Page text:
I sometimes feel that I should apologize to students who took earlier iterations of my courses. I know more now than I did then, and have crafted a much better syllabus than we used for that earlier class. That said, I also know that in a few years’ time, I will consider my current (new! improved!) syllabi to be embarrassingly inadequate. But, then, the more we learn, the more we are conscious of how much we do not know.
My new “Graphic Novel” course — its third iteration — occasions these reflections. I’m particularly pleased with the paper assignments: Using Ivan Brunetti’s Cartooning Philosophy and Practice (a required text for the first time), I’ve scrapped one large paper for two smaller ones, both of which require (a) creativity and (b) analysis of part a. One of these creative assignments is to render an entire novel as a single-panel cartoon. Yes, this is challenging, but Brunetti walks you through the process, and students can follow his example (click for larger image).
The idea in both this and the other creative assignment is to get the students to think like a comics artist. It is not to create a comics artist. I’m an English professor, and this is neither a creative-writing class nor a studio class & so I do not expect them to create art. In evaluating students’ work, I’m grading their analysis rather than the creative work itself. Why did they make these choices and not different ones? Do they think their choices worked? What have they learned from the experience? These are the questions their analysis must address.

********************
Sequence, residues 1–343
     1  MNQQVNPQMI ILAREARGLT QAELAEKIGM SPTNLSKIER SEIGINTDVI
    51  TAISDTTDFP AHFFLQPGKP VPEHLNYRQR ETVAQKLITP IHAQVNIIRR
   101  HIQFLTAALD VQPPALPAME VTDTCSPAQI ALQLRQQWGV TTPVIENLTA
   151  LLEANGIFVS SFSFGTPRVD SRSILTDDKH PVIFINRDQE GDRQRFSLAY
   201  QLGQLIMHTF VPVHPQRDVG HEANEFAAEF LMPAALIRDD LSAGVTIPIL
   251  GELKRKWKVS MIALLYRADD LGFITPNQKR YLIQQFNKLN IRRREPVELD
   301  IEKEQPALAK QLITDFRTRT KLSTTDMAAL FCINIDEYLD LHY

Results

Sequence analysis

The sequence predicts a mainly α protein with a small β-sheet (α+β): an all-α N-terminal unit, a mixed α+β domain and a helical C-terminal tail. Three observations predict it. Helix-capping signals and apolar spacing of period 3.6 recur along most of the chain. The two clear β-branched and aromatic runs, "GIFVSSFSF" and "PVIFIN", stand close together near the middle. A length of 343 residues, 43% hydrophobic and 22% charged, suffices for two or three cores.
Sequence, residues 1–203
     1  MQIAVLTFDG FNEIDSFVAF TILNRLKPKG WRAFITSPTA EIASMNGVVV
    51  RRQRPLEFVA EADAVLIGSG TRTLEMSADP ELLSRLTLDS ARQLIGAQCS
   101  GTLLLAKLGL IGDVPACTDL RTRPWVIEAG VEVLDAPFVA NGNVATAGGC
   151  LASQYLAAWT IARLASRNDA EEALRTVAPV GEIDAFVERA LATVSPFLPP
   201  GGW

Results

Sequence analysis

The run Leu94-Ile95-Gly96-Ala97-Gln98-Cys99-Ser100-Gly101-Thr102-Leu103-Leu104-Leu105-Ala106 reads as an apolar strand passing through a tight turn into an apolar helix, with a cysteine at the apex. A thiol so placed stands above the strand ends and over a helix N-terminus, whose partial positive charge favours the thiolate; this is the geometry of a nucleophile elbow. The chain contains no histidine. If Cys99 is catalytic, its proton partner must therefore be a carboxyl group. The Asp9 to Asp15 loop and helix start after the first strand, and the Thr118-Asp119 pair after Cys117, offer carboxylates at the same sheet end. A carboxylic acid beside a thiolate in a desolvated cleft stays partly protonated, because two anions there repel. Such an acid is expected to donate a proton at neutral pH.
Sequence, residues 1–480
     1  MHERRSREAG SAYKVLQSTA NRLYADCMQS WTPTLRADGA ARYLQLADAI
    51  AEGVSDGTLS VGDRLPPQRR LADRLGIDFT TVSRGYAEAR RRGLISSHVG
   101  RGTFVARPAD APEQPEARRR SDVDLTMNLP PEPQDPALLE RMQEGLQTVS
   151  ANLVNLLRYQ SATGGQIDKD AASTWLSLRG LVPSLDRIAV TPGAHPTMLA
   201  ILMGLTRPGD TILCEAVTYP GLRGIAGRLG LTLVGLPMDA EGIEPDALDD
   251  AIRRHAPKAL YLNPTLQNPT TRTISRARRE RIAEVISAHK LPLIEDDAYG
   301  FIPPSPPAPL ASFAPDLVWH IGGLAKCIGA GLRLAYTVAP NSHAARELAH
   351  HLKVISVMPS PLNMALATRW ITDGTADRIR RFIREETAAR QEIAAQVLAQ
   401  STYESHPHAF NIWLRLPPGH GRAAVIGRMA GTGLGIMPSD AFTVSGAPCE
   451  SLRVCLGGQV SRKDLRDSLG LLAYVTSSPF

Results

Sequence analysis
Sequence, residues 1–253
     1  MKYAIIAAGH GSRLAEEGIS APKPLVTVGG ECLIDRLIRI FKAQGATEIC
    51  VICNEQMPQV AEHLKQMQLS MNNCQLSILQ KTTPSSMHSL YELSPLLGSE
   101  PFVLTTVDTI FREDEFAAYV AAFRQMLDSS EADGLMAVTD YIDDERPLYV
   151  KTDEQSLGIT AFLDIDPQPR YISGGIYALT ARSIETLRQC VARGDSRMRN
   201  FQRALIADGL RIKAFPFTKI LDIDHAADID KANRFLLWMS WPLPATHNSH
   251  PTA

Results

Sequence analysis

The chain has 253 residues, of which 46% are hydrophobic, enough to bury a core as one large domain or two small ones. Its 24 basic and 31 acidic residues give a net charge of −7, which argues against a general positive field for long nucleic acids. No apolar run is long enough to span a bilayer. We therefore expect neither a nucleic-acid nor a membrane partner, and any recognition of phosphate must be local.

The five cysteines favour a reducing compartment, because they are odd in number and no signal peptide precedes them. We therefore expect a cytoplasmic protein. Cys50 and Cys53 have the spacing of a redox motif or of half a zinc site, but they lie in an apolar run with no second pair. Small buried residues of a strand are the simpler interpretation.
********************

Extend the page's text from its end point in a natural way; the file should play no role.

I want students to see just how difficult and complex the comics form is. With a novel, you have all that is available to a creative writer — diction, tone, metaphor, point of view, and so on. With comics, you have all that is available to a creative writer and to an artist. It’s not only the words that matter; it’s every millimeter of space on the entire page. Students need to think about layout, design, size, shape, space, perspective, and so on. Graphic novels — I’m using the term “comics” and “graphic novel” interchangeably — are far more formally complex than ordinary novels. I hope the creative assignments will help students appreciate the form’s complexity.
In order to deepen their sense of how comics work, I’m also assigning more critical reading. Scott McCloud’s definition (juxtaposed pictorial and other images in deliberate sequence) — itself a modified version of Will Eisner’s — has become the dominant way of thinking about comics. And it’s a valuable paradigm. But Mark Newgarden and Paul Karasik provide another model, Brunetti yet another, and Robert C. Harvey another still. It’s valuable for students — and all of us — to ponder competing theories of how comics work.